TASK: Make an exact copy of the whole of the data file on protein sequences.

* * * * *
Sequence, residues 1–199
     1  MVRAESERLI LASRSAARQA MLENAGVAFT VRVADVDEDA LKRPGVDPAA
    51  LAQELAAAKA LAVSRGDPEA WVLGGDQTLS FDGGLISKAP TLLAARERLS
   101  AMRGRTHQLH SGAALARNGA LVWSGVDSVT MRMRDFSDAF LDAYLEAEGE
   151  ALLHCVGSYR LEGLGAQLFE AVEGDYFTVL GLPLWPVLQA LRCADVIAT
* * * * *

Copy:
Sequence, residues 1–199
     1  MVRAESERLI LASRSAARQA MLENAGVAFT VRVADVDEDA LKRPGVDPAA
    51  LAQELAAAKA LAVSRGDPEA WVLGGDQTLS FDGGLISKAP TLLAARERLS
   101  AMRGRTHQLH SGAALARNGA LVWSGVDSVT MRMRDFSDAF LDAYLEAEGE
   151  ALLHCVGSYR LEGLGAQLFE AVEGDYFTVL GLPLWPVLQA LRCADVIAT